#6, X Y Jet (7/2): In many ways, this horse is the real wild card in the race. He is the only runner in this field to have consistently run speed figures that suggest he could give A. P. Indian a scare. However, he has not been seen since late March, and his connections picked an awfully ambitious spot in which to bring him back. Speed is the name of the game for this son of Kantharos, and he will try to take them as far as he can up front. However, he’s never encountered a horse that can finish up like A. P. Indian, and I wonder if an early tussle with Green Gratto could leave him somewhat vulnerable late. It’s also fair to wonder whether he can produce his best form in New York. Jorge Navarro’s runners have been effective at Monmouth and Gulfstream, but he gets only a 54 trainer rating on the NYRA circuit. Perhaps his Golden Shaheen effort is supposed to ease those concerns, but I still need to see it here to believe it.
#7, Stallwalkin’ Dude (8/1):
He nearly won this race last year after boldly forging to the lead past midstretch under Irad Ortiz. However, the game Rock Fall had just enough left in reserve to battle back for the victory. Things have not gone smoothly since then, as he’s had his ups and downs and seemed to completely tail off during the spring and early summer of this year. However, he got back on track at Saratoga and earned another Grade 1 placing in the Forego. He was never going to beat A. P. Indian that day, but he still ran a creditable race. Now he shortens up to arguably his best distance while in some of the best form of his career. I don’t anticipate that he’ll beat A. P. Indian, but he’d become a major player in the event that the favorite scratches.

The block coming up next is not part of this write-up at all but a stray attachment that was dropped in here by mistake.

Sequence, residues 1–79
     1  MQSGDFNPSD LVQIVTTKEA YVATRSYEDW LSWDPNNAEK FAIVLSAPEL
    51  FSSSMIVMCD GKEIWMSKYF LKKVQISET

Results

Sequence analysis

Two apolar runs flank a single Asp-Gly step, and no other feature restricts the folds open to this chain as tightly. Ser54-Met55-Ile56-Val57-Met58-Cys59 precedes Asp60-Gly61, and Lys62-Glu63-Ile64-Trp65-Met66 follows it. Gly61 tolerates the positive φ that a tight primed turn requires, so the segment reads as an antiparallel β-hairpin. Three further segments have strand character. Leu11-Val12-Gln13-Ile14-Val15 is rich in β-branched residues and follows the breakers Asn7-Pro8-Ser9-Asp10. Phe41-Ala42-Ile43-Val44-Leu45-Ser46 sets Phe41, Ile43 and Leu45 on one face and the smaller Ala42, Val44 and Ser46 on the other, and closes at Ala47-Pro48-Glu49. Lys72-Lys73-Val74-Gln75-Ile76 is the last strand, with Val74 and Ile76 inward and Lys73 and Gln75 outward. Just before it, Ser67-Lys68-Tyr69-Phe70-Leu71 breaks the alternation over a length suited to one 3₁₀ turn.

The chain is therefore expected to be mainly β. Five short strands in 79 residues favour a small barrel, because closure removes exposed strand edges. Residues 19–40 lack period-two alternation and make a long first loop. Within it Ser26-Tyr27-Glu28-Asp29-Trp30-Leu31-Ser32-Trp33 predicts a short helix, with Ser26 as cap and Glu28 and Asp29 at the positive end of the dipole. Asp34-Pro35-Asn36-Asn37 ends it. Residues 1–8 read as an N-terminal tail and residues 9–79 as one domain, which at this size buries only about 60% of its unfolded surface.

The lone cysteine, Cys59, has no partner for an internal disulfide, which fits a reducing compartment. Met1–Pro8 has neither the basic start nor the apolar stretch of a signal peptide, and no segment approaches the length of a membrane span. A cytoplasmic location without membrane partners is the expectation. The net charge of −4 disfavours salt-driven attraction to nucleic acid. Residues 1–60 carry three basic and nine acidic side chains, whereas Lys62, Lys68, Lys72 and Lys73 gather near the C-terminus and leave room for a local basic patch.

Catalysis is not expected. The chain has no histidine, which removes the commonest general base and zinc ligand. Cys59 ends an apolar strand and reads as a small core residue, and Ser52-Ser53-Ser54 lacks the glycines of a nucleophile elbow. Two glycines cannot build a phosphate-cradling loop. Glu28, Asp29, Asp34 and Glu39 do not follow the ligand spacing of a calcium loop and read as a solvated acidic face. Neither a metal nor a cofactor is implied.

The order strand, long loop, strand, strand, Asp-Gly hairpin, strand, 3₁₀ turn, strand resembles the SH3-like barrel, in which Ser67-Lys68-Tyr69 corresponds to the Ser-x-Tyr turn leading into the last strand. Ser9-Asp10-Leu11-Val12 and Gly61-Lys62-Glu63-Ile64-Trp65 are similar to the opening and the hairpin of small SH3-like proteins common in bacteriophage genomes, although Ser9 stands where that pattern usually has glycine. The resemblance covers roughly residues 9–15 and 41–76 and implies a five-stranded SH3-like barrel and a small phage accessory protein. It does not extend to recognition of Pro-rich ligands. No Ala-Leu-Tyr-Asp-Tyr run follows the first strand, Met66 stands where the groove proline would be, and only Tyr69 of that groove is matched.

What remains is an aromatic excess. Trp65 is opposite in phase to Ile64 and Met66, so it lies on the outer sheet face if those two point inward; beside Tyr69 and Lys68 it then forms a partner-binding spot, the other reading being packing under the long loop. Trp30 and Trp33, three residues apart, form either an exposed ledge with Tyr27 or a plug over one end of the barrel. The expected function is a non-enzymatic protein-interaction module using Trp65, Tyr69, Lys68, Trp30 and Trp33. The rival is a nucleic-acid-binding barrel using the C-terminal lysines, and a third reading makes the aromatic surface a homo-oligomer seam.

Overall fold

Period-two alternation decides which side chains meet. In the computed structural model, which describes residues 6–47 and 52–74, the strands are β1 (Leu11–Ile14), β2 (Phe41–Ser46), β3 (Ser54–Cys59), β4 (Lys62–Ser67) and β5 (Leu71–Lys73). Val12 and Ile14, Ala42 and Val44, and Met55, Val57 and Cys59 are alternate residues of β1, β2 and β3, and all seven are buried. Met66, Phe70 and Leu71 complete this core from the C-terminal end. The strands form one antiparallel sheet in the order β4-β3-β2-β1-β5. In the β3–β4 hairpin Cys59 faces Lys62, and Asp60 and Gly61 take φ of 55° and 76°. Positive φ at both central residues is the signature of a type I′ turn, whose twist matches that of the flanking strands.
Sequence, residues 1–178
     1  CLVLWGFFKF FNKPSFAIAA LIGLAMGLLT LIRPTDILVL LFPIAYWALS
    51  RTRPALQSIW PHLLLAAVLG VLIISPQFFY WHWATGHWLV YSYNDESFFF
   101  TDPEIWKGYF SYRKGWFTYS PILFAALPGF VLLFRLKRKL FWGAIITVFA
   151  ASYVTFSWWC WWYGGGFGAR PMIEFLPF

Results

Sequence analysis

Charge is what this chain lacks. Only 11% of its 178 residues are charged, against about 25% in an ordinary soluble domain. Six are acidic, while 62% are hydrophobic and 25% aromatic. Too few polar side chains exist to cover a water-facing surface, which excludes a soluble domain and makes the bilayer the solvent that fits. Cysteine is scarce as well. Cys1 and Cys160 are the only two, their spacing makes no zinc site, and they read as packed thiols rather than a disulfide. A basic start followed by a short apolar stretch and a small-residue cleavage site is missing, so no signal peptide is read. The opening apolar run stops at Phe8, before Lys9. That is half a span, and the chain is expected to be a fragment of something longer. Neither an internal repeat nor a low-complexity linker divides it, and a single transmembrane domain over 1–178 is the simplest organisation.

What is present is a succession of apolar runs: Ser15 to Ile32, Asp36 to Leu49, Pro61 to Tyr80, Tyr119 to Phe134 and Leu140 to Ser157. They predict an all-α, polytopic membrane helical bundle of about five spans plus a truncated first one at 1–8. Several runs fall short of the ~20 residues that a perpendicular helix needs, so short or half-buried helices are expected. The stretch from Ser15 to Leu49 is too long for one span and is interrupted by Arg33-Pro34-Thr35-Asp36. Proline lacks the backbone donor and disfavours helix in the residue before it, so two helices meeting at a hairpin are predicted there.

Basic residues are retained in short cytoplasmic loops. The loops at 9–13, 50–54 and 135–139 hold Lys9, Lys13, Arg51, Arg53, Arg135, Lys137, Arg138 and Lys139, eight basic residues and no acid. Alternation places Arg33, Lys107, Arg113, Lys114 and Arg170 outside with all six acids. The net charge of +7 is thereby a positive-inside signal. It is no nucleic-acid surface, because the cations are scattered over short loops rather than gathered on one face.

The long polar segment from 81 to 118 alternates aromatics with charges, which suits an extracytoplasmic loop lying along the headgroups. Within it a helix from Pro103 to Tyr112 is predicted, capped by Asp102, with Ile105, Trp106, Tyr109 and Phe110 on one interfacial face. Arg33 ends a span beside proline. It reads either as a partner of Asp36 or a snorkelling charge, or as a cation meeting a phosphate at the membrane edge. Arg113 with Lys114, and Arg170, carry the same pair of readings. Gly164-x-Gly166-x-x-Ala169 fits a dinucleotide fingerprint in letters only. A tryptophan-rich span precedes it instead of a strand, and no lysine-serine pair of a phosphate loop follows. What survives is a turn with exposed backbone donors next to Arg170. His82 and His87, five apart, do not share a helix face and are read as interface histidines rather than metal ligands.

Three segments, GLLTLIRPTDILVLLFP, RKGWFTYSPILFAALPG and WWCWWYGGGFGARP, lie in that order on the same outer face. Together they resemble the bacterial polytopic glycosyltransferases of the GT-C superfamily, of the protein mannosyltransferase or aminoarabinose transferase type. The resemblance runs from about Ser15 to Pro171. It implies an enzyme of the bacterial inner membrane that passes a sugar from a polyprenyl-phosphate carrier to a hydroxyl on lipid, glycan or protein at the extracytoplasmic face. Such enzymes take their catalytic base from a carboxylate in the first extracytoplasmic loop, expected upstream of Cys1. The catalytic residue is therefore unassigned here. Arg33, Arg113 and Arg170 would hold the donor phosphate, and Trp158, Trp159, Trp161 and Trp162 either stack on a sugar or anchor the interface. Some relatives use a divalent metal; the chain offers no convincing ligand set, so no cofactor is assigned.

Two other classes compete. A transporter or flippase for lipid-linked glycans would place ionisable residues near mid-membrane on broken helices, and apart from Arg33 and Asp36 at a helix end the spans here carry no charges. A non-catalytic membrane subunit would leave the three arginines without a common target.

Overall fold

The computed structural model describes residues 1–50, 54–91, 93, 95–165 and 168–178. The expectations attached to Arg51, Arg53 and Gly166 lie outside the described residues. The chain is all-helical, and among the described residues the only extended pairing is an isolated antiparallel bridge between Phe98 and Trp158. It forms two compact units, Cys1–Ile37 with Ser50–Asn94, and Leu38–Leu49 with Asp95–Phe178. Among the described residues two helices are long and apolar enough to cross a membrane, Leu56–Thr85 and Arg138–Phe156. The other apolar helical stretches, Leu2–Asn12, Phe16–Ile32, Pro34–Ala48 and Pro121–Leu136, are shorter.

#8, Dannie’s Deceiver (20/1):
If the surface does indeed come up sloppy, it figures to help this guy more than anyone else. In three runs over sealed tracks, he’s earned two wins and a second, which is better than he’s done in all of his fast track races. It would have seemed unlikely that he could compete against a field of this quality just a few months ago, but he’s made huge strides over his past few starts. He defeated a strong allowance field on Belmont Stakes day in June, and then made an eye-catching run from far back to nearly win in July. He was still dismissed at 40/1 in the Forego—his stakes debut—but he managed to pass more than half the field while rallying from last to be fourth. The fact that he was able to accomplish such a feat over a fast track speaks to the form that he’s in right now. I take it as a positive sign that Jose Ortiz climbs aboard, and the stiff 6-furlong workout that he put in a few days ago would appear to indicate that he’s feeling good coming into this race. If there’s one horse in this race that could surprise a lot of people and step up to hit the board—or even win, if A. P. Indian is absent—I believe it’s him.
If A. P. Indian (#5) runs, he’s my top pick, but I think there are a few runners that could be used underneath him in exactas and trifectas, including Stallwalkin’ Dude (#7) and Dannie’s Deceiver (#8). If the favorite is scratched, then Dannie’s Deceiver would inherit the role of my top selection.
With A. P. Indian:
Exacta: 5 with 7,8
Trifecta: 5 with 7,8 with 1,2,3,6,7,8
Trifecta: 5 with 1,2,3,6 with 7,8
Without A. P. Indian:
Exacta Key Box: 8 with 1,2,3,6,7
Trifecta: 7,8 with 2,3,7,8 with 1,2,3,6,7,8